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A position represents a specific job slot within your company. As you define your company structure, define specific positions with each level in the hierarchy of divisions. Positions determine which records users have access to. You must be logged on to a server database to add positions.
Each position typically has only one associated employee. In some circumstances such as job-sharing situations, a position may have multiple associated employees. One employee can be associated with multiple positions. There can be only one primary employee for a position, but an employee can be primary for more than one position.
There is a drawback to having multiple employees associated with a position. Because a position can have only one primary employee, only the primary employee is visible in the Employee field. If you search for an employee in a positions list, you may not find relevant position records in which the employee is not primary for the position.
Only the primary employee for a position appears in the Account Team, Opportunity Sales Team, and Contact Access lists. However, all the employees in that position can access the My Accounts, My Opportunities, and My Contacts views.
A position can be associated with only one organization. If you want an employee to have visibility to multiple organizations, you must create a position for each organization and assign that employee to each position. The employee can then see one organization's data at a time by changing positions.
Positions can be set up in a multilevel hierarchy, which allows for manager access control. The parent position gains visibility to all the sets of data visible to the individual child positions. (Usually, the data will be displayed only where the child position is the primary on the team or record.)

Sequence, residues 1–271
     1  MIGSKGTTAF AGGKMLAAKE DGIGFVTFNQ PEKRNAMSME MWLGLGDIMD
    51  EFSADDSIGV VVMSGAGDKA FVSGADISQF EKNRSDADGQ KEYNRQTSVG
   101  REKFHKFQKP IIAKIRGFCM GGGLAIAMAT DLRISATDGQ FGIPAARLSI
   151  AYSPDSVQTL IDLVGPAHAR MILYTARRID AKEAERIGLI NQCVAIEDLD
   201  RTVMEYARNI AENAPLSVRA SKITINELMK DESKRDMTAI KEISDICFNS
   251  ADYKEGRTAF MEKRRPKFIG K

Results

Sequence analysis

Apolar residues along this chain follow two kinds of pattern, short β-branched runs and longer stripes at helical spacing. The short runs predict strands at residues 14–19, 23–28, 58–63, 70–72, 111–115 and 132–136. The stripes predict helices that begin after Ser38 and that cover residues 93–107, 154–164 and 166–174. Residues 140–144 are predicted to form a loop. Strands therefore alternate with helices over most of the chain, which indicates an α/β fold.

Your Siebel application allows users to change their position to another position to which they have already been given access by the administrator. A user can change positions while logged in by choosing Tools > User Preferences > Change Position, selecting a different position in the list, and clicking the Change Position button. For instance, a sales representative could change position to a sales executive and have access to the same views as the previous position, but gain visibility to another organization's data.
NOTE: You cannot make a position obsolete by setting the End Date. This field records only the end date for the current employee associated with the position. It does not make the position obsolete after that date has passed.
CAUTION: Do not delete a position. This can cause unexpected and negative results. For example, if you delete a position that is primary for an account, and you do not select a new primary position for that account, Assignment Manager may not be able to assign resources to activities for that account.
NOTE: If you change a mobile user's position, that user's visibility rules change. In this case, it is recommended that the user reextract his or her local database. However, if you change only the position name (for example, from Sales Representative to Sales Associate), then reextraction is not required. This is because, in the database table where position names are stored, this column has enterprise-wide visibility. In other words, changes to this column will be distributed to all users. See also Position Data Model.
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